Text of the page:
5 Ways To Ruin The Ending Of Your Short Story Or Novel ∣ Writer’s Relief

by | Mar 18, 2021 | Writing Tips | 1 comment

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5 Ways To Ruin The Ending Of Your Short Story Or Novel ∣ Writer’s Relief

Writing a great beginning and a tight middle for a short story or novel can be challenging, but many writers find creating a satisfying ending is often the most difficult part of the process. You don’t want to cheat readers with an abrupt wrap-up, but you also don’t want to drag on past the best stopping point or end things in a way that’s unrealistic. Before you type “The End,” check out this list from Writer’s Relief of 5 ways you might ruin the ending of your short story or novel—so you know what NOT to do!

How To Ruin The Ending Of Your Short Story Or Novel

Deus ex machina: Meaning “a god from the machine,” this is when something completely unexpected comes out of nowhere to save the day. The rest of your story should build up to a resolution that makes sense and follows the actions of everything that comes before it—so if your only way of creating a resolution is to have something or someone jump in from out of the blue to tidy up the mess you’ve made throughout your story, you might want to go back to the drawing board and work on your plot a bit more.

Clichés: While clichés aren’t automatically bad, resorting to a clichéd ending might leave your reader feeling cheated. Readers enjoy originality, so avoid using an outright cliché ending like “it was all a dream.” If you do want to have a “twist ending” that’s a bit of a cliché, be sure to put your own unique spin on what happens.

No resolution: Your ending doesn’t have to wrap up every loose end in a tidy bow—you can leave some things open or ambiguous. But if you don’t offer ANY kind of resolution, your readers will be frustrated. It will seem like you didn’t know how to end the story, so you abruptly stopped.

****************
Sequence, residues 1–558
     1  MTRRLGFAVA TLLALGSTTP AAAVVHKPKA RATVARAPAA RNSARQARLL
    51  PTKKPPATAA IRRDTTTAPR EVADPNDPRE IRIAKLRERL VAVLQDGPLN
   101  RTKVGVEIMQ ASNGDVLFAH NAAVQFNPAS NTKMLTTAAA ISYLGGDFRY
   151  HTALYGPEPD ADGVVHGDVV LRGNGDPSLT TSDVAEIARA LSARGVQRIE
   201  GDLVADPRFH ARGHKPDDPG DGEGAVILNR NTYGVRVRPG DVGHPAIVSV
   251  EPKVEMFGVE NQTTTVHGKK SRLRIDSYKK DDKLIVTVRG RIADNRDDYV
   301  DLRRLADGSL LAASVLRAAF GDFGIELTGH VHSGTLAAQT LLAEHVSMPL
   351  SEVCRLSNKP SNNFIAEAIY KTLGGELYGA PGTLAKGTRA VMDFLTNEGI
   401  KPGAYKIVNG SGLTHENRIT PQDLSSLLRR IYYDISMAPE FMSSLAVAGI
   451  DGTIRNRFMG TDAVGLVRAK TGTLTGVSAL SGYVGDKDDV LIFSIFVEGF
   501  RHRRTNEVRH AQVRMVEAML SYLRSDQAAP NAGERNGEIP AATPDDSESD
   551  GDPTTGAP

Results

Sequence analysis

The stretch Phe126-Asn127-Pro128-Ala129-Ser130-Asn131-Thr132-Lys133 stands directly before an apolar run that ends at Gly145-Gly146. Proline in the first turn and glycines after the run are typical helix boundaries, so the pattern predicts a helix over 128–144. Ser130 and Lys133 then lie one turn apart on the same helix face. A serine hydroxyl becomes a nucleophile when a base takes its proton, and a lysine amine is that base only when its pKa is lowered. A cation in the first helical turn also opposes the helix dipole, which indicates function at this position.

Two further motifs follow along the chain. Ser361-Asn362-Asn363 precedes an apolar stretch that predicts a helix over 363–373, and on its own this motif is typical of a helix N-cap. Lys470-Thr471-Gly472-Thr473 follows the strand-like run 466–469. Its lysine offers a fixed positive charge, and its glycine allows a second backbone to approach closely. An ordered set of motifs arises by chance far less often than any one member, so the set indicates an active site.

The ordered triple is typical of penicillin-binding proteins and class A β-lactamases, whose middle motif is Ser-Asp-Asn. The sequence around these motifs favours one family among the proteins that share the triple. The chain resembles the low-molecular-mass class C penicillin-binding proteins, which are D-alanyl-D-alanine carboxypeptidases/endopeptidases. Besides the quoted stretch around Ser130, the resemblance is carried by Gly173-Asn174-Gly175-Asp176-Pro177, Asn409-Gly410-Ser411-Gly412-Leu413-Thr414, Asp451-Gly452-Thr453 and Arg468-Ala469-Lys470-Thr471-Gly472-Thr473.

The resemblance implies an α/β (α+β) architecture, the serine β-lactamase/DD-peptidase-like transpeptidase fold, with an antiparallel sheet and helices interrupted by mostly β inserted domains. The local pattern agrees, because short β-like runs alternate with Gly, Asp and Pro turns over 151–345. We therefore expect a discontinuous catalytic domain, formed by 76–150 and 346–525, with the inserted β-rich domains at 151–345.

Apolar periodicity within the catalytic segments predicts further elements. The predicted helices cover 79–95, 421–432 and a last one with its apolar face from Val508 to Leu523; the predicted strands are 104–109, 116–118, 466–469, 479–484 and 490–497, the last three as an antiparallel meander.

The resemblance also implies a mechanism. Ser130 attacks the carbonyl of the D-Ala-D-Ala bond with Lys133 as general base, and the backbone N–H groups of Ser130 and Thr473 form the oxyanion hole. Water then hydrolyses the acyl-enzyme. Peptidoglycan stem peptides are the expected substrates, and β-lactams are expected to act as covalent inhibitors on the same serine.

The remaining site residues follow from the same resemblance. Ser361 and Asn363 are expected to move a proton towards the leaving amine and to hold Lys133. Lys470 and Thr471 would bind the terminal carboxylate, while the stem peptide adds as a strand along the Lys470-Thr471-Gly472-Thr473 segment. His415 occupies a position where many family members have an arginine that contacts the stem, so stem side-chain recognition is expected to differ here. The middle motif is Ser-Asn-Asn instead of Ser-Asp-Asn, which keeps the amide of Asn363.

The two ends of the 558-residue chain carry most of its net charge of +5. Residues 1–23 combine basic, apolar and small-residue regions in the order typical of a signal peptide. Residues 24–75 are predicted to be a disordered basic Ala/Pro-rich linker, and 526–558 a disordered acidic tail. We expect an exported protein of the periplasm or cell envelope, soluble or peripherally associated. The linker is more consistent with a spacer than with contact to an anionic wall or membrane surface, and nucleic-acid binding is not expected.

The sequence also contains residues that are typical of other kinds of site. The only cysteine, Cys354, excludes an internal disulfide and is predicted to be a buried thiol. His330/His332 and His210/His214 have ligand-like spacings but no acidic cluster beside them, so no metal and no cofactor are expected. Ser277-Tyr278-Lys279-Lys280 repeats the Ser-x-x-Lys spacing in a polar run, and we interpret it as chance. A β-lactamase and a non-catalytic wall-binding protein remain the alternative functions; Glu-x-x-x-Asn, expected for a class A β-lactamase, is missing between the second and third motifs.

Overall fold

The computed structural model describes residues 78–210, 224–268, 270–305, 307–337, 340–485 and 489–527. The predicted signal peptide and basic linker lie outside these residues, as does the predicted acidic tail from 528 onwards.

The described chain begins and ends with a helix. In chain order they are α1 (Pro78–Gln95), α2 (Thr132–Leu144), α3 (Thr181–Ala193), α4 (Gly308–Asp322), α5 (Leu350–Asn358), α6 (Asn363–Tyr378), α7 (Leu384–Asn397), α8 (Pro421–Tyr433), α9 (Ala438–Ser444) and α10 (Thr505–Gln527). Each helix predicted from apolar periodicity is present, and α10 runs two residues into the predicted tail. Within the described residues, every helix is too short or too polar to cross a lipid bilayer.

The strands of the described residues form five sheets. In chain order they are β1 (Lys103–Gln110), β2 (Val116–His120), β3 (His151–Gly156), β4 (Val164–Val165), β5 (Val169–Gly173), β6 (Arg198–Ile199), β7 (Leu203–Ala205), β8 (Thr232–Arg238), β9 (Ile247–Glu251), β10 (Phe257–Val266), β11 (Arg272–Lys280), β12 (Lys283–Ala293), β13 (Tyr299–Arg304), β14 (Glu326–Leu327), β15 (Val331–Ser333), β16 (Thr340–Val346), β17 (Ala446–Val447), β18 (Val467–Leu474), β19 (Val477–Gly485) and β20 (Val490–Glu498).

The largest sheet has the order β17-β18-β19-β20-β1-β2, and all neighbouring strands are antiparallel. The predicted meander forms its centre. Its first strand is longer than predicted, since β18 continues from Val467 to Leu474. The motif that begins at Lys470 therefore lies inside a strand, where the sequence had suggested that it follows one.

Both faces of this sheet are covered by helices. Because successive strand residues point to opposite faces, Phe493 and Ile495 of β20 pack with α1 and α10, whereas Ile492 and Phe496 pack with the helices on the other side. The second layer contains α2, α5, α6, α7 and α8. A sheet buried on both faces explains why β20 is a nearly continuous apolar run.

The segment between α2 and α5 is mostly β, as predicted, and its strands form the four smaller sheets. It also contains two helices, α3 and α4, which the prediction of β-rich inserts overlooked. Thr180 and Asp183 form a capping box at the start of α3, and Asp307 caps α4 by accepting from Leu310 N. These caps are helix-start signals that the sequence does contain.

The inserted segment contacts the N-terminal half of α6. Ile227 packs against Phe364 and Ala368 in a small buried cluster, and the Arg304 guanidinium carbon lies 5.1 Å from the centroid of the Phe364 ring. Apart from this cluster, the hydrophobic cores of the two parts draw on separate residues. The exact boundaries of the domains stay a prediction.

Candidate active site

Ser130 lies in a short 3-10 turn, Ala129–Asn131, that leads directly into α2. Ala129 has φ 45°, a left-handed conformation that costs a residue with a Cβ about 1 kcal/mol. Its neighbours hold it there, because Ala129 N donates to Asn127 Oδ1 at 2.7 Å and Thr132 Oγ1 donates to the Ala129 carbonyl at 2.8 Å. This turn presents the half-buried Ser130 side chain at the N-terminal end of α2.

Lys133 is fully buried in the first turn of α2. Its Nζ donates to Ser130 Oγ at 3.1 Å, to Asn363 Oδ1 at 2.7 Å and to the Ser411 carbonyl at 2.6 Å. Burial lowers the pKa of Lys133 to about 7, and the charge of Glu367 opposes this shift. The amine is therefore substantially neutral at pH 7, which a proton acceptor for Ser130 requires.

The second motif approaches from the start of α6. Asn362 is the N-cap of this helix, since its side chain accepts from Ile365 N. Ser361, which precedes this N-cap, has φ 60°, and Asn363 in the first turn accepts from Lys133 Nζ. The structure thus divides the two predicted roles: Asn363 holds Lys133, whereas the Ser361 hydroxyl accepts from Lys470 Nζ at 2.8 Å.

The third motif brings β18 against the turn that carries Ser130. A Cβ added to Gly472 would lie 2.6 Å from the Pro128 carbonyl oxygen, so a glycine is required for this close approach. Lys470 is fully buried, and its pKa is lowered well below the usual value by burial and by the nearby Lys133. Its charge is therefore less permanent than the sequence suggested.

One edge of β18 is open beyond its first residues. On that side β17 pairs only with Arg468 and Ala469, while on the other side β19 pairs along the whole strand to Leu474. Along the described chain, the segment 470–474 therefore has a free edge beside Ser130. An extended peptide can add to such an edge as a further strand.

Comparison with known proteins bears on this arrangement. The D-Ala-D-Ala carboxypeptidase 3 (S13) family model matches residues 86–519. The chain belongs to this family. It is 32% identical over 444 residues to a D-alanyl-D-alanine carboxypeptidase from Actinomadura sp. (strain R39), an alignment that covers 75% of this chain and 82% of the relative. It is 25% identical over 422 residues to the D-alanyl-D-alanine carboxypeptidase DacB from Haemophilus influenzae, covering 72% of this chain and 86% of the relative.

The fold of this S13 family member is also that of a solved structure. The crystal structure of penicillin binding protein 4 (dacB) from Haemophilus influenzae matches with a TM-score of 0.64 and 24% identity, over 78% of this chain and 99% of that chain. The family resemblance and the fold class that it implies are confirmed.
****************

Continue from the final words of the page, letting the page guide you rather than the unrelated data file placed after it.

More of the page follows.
Drag out the ending: On the flip side, if you drag your resolution out for pages and pages, you may need to do some heavy editing. If the actual ending of your story happened several paragraphs ago, there’s no reason to keep writing. Readers will lose interest in a long, drawn-out ending, and everything your story built up to will be forfeited.

Betray your characters: Be sure you stay true to your characters and who they’ve become over the course of your story. Don’t make them act in ways that are completely out of character just to move the plot in the way you want it to go. A good, satisfying ending stays true both to the characters and the plot.

Writing the very best ending for your story or novel will make the difference between readers finding your work disappointing or memorable. There’s nothing worse than ruining what could be a well-crafted story with a cookie-cutter or lazy ending. Avoid the pitfalls of the list above, and your ending will be off to a good start! For tips on how to write a great ending, check out our article: 9 Ideas For Short Story Endings: How To Get From Here To There.

 

Question: What story do you think has the best ending?

1 Comment

  1. Meadow

    THANK YOU for the “no resolution” ruination! That’s my biggest source of frustration with so-called “literary” fiction: so many “literary” authors seem to think that “literary” means nothing can be resolved. What is the point of joining you for a journey that doesn’t go anywhere? Please take me SOMEwhere; that’s why I read!!!

    Reply

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